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ASUS MOBO Integrated Graphics?


Rock Vacirca
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Time was you needed a decent graphics card to run SL and Integrated Graphics chips just wouldn't cut the mustard. But I am wondering if times and technology have moved on since then.

I am in a position to buy a decent PC with an i7 2600K with 12GB RAM and a 60GB SSD and 1T second drive. However it has no graphics card installed, and uses its onboard graphics chip instead.

The motherboard is an ASUS P8H77-V LE, and the spec says it supports OpenGL.

Will this MOBO run SL (in any quality) or will it simply not work at all?

 

Rock

 

 

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Well, Second Life's technology has moved on too and integrated Intel graphics with shared memory still 'don't cut the mustard'.

If something can run OpenGL, it does not necessarily mean that it will deliver statisfactory graphics speed and quality in Second Life, so don't texpect too much from the auxilliary Intel graphics chip on that mainboard that will even cut off some of your system ram due to using shared memory instead of having own physical memory like a real graphics card  and invest some more money for a decent GPU. Go for nVidia rather than AMD/ATI, or you'll buy  a lot of driver problems for the money you saved on not buying a nVidia card.

J.

 

 

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H77 boards with integrated graphics are aimed at  2D video and general multimedia rather than gaming despite the promised improved graphics power. Technology has moved on but not far enough for integrated graphics. If you buy that system, you should be able to run SL but not at high levels and many residents have posted issues relating to Intel integrated chipsets, even the latest HD4000 chipsets (from not able to run SL to constant crashing and graphics problems). However, you could add a decent mid to high end discrete graphics card to that mobo and then you are into a completely different ballgame with much superior gaming performance. 

However, I do think it would be better to buy a system with a Z77 based mobo with a discrete graphics card if gaming and SL is a priority. 

If you intend to overclock the H77, please note you can't as the multipliers are locked. You need a Z77 board for overclocking. It does have AMD crossfire support but not Nvidia SLI support. People have differing views on how CPU overclocking affects performance in SL. but it works great for me.

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Don't waste your money on a machine with integrated graphics.  Always, always, ALWAYS get a real graphics card.  If you need to sacrifice somehting in your computer to stay in budget, cut down on something else.  Do NOT skimp on the graphics card.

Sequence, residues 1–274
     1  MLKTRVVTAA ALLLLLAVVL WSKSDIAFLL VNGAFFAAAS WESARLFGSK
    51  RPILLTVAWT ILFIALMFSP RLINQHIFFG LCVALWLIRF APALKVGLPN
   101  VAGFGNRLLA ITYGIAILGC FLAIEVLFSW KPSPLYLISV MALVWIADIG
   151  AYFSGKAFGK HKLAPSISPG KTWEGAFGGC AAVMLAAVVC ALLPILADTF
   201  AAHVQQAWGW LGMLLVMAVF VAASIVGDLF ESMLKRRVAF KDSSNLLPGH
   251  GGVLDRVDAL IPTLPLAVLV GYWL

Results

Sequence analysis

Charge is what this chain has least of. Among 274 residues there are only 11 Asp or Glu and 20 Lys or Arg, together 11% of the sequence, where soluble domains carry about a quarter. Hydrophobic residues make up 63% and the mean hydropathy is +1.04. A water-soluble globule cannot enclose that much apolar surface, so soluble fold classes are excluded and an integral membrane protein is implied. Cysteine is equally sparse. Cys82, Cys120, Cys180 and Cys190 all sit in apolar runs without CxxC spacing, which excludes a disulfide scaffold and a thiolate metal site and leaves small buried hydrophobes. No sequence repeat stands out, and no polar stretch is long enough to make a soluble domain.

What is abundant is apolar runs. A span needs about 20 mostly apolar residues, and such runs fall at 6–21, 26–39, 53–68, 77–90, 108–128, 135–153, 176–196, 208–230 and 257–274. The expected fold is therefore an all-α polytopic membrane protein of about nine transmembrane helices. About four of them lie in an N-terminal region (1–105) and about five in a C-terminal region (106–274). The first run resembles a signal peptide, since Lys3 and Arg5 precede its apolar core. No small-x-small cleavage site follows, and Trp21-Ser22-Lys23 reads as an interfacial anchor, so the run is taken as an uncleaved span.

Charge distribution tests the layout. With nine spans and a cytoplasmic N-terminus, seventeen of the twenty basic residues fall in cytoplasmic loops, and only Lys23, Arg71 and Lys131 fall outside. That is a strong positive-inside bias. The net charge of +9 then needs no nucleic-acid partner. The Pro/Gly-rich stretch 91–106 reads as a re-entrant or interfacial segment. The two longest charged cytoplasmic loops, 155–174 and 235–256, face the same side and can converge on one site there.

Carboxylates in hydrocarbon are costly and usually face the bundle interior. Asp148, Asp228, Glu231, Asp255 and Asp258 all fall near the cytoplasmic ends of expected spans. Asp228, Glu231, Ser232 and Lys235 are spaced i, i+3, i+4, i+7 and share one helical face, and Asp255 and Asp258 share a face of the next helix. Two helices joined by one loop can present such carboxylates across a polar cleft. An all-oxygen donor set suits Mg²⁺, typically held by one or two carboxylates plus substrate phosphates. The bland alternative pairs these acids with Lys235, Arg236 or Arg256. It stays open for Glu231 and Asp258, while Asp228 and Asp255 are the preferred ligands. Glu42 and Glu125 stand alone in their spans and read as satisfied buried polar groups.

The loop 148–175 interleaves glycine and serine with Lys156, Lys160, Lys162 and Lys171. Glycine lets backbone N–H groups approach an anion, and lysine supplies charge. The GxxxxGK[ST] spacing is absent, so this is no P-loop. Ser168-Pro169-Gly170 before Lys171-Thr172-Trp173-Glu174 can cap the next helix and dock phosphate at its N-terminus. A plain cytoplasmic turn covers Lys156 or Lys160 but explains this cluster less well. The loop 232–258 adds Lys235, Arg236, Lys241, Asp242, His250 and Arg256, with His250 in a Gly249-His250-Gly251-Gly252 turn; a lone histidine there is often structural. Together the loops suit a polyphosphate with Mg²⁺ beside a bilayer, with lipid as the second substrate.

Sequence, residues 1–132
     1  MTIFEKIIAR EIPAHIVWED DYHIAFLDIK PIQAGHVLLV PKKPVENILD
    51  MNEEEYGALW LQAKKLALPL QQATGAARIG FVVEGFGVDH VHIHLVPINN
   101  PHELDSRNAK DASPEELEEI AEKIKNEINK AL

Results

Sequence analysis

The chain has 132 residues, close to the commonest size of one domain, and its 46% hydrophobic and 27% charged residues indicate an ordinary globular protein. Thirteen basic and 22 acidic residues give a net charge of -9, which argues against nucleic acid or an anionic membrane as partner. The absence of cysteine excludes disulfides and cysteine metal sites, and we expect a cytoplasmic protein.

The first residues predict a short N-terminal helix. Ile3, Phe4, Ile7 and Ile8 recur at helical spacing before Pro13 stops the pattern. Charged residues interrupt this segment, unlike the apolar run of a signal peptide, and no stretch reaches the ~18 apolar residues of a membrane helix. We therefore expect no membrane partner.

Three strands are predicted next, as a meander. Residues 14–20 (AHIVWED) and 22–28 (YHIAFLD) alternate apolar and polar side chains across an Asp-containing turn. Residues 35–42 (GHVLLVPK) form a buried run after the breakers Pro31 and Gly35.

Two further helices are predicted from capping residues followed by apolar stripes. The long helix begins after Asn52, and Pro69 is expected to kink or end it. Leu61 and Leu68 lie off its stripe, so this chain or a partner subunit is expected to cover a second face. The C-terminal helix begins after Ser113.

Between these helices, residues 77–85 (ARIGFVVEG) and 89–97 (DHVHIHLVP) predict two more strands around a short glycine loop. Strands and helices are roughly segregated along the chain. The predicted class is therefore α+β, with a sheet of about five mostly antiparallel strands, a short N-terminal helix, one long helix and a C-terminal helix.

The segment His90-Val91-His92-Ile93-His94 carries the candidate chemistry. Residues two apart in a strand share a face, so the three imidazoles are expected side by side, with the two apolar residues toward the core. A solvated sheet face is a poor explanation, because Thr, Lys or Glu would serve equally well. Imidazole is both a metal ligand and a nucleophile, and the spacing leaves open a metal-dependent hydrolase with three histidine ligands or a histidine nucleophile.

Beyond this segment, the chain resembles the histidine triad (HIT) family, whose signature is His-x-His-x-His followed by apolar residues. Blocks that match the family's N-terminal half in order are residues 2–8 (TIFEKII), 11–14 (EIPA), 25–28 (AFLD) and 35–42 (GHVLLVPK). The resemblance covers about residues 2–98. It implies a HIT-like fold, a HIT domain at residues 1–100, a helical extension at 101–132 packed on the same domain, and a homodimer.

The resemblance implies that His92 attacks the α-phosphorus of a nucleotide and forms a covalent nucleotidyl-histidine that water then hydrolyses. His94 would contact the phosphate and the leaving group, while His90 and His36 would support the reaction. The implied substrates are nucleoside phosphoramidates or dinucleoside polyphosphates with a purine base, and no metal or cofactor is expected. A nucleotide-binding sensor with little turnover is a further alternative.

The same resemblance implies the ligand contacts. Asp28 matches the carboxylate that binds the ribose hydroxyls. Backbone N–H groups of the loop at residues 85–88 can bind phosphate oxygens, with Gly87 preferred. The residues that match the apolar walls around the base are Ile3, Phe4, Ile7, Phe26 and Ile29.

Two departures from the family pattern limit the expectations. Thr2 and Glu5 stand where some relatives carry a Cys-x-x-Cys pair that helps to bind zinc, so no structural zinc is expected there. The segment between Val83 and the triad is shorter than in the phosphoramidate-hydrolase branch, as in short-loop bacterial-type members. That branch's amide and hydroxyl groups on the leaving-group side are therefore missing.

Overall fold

If you go with 8GB of RAM instead of 12, and you hold off on the SSD, you'd probably have enough to get a fairly decent midrange nVidia card, which would be about 10,000 times better than the best IGP imaginable. 

Think about it this way:

  • 12GB of RAM, plus IGP, equals you can run a few more programs at once, but they all look crappy.
  • 8GB of RAM, plus decent video card, equals you can still do a ton of stuff all at once, and they all look great.
  • SSD, plus IGP, equals programs open faster, but they look crappy the whole time they're running.
  • HDD, plus decent video card, equals programs open at normal speed, and they look great the whole time they're running.

Any way you slice it, you get more bang for your buck with the video card than with that other stuff. There's just no case to be made the IGP. 

If you really want the extra RAM and the SSD, add them later, when you've got the money for them.  Your video card is the single most important item in your compute.  Don't skimp on that, just to add some bells and whistles that won't do nearly as much for you.

 

By the way, just so you know, "spec says it supports OpenGL" means nothing.  I'm  not aware of any current GPU that doesn't support OpenGL.  It's a standard.

Saying my video card supports OpenGL is like saying my car supports asphalt.  Just because Ferraris drive on the same roadways doesn't mean my Dodge rust bucket will ever perform like a Ferrari.

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Guys, you are so right but here's the twist: if Rock's gonna buy a prefab system, say from Dell or Acer or HP or something the power unit will probably be much too weak to support a real gpu. These things need a lot, and I mean a LOT!, of power. So my advice is to never buy a readymade. Get your dream machine taylor made for the task on hand (gaming), save a lot of money, and end up with a versatile individual system. Upgrade whenever needed and never worry about compatibility stuff.

So these things are important for SL:

- gpu by Nvidia

- power brick at least 650 W

- RAM galore!

 

The super bestest processor and storing units are secondary; nice to have but not super important. Upgrade later.

 

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